Presentation Title

Physical and microbial drivers of hypoxia in Bellingham Bay

Session Title

Session S-03A: Changes in Salish Sea Water Quality

Conference Track

Marine Water Quality

Conference Name

Salish Sea Ecosystem Conference (2014 : Seattle, Wash.)

Contributing Repository

Digital content made available by University Archives, Heritage Resources, Western Libraries, Western Washington University.

Start Date

1-5-2014 5:00 PM

End Date

1-5-2014 6:30 PM

Abstract

Bottom water hypoxia is a feature of many coastal embayments and fjords in the Salish Sea. Ongoing research in Bellingham Bay (Bellingham, WA USA) by Northwest Indian College and Western Washington University has identified a seasonally recurring area of low dissolved oxygen near the center of the bay. Similar to other regions of the Salish Sea, hypoxia in Bellingham Bay may be a naturally occurring phenomenon, yet the extent of eutrophication and anthropogenic nutrient loading’s influence on patterns of hypoxia is poorly understood. The present study has continued an established monitoring program documenting the range, duration and severity of hypoxia in Bellingham Bay, while adding an experimental component investigating factors that regulate respiration of heterotrophic bacterioplankton. Profiles of water column parameters and sample collection were performed on six regularly scheduled cruises. Dissolved oxygen concentrations below the hypoxic threshold were observed in bottom waters in the center of Bellingham Bay for most of the summer, although the layer of hypoxic water appeared to migrate upwards into the water column in late July. Manipulative experiments were conducted on collected water samples to investigate effects of temperature and organic carbon on water column respiration. These experiments revealed that temperature had a negligible effect on water column respiration, while organic carbon stimulated oxygen consumption and was thus identified as a possible limiting factor. The study’s findings broaden our knowledge of factors regulating oxygen dynamics in coastal embayments of the Salish Sea and provide further insight into the potential effects of anthropogenic stressors and climate change on Salish Sea water quality.

Rights

This resource is displayed for educational purposes only and may be subject to U.S. and international copyright laws. For more information about rights or obtaining copies of this resource, please contact University Archives, Heritage Resources, Western Libraries, Western Washington University, Bellingham, WA 98225-9103, USA (360-650-7534; heritage.resources@wwu.edu) and refer to the collection name and identifier. Any materials cited must be attributed to the Salish Sea Ecosystem Conference Records, University Archives, Heritage Resources, Western Libraries, Western Washington University.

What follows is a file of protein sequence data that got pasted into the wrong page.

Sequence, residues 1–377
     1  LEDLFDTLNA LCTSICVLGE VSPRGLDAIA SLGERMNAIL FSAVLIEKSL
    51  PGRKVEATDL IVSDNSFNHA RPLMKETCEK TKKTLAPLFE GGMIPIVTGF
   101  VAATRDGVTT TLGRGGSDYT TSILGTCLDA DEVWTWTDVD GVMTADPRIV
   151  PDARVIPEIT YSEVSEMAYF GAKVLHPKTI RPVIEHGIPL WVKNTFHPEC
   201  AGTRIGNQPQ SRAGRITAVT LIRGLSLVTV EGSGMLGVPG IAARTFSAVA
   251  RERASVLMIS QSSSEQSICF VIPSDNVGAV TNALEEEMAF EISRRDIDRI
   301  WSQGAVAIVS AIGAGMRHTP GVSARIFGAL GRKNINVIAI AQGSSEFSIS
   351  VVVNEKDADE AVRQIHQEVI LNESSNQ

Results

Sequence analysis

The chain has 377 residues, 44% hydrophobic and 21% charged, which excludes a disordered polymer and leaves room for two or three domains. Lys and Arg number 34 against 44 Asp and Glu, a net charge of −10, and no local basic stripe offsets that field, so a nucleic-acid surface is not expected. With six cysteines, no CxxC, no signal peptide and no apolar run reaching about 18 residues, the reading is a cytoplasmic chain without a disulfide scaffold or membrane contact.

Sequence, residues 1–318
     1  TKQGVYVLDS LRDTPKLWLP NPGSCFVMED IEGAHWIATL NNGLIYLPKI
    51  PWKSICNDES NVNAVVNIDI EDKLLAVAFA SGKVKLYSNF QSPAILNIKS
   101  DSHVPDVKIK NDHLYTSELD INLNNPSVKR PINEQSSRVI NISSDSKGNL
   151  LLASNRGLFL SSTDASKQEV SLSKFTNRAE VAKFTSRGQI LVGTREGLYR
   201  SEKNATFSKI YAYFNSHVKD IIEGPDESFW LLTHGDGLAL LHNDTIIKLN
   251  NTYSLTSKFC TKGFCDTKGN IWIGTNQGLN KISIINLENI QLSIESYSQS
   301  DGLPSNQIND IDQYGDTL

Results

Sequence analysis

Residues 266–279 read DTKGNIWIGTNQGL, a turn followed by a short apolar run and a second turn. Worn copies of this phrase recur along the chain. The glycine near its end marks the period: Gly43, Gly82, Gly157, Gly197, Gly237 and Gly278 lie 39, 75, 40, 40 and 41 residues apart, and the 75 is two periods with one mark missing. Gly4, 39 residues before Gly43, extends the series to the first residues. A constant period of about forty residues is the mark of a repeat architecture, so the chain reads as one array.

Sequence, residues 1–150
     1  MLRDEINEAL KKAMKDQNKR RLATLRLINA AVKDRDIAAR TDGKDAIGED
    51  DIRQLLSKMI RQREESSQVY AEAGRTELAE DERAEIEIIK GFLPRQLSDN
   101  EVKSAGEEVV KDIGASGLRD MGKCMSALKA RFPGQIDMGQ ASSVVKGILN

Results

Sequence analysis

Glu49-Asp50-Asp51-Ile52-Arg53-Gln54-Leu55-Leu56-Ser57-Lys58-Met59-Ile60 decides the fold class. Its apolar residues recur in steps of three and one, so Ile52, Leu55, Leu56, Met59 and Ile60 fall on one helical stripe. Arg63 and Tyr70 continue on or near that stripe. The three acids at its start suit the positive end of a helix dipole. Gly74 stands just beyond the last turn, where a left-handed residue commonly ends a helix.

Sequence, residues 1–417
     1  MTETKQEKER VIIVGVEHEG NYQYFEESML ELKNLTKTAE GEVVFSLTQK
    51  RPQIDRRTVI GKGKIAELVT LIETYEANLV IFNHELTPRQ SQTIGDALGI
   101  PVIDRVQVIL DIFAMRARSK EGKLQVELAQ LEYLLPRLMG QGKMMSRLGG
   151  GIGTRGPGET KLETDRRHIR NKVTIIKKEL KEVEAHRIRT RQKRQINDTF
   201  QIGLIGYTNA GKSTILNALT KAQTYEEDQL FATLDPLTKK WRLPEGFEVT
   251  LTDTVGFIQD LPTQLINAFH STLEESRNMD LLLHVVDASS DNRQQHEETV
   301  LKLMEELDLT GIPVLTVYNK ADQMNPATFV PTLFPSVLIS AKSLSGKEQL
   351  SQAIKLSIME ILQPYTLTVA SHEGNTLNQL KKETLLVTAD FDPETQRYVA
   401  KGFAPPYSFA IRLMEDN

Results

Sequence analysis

Language

English

Format

application/pdf

Type

Text

This document is currently not available here.

Share

COinS
 
May 1st, 5:00 PM May 1st, 6:30 PM

Physical and microbial drivers of hypoxia in Bellingham Bay

Room 6C

Bottom water hypoxia is a feature of many coastal embayments and fjords in the Salish Sea. Ongoing research in Bellingham Bay (Bellingham, WA USA) by Northwest Indian College and Western Washington University has identified a seasonally recurring area of low dissolved oxygen near the center of the bay. Similar to other regions of the Salish Sea, hypoxia in Bellingham Bay may be a naturally occurring phenomenon, yet the extent of eutrophication and anthropogenic nutrient loading’s influence on patterns of hypoxia is poorly understood. The present study has continued an established monitoring program documenting the range, duration and severity of hypoxia in Bellingham Bay, while adding an experimental component investigating factors that regulate respiration of heterotrophic bacterioplankton. Profiles of water column parameters and sample collection were performed on six regularly scheduled cruises. Dissolved oxygen concentrations below the hypoxic threshold were observed in bottom waters in the center of Bellingham Bay for most of the summer, although the layer of hypoxic water appeared to migrate upwards into the water column in late July. Manipulative experiments were conducted on collected water samples to investigate effects of temperature and organic carbon on water column respiration. These experiments revealed that temperature had a negligible effect on water column respiration, while organic carbon stimulated oxygen consumption and was thus identified as a possible limiting factor. The study’s findings broaden our knowledge of factors regulating oxygen dynamics in coastal embayments of the Salish Sea and provide further insight into the potential effects of anthropogenic stressors and climate change on Salish Sea water quality.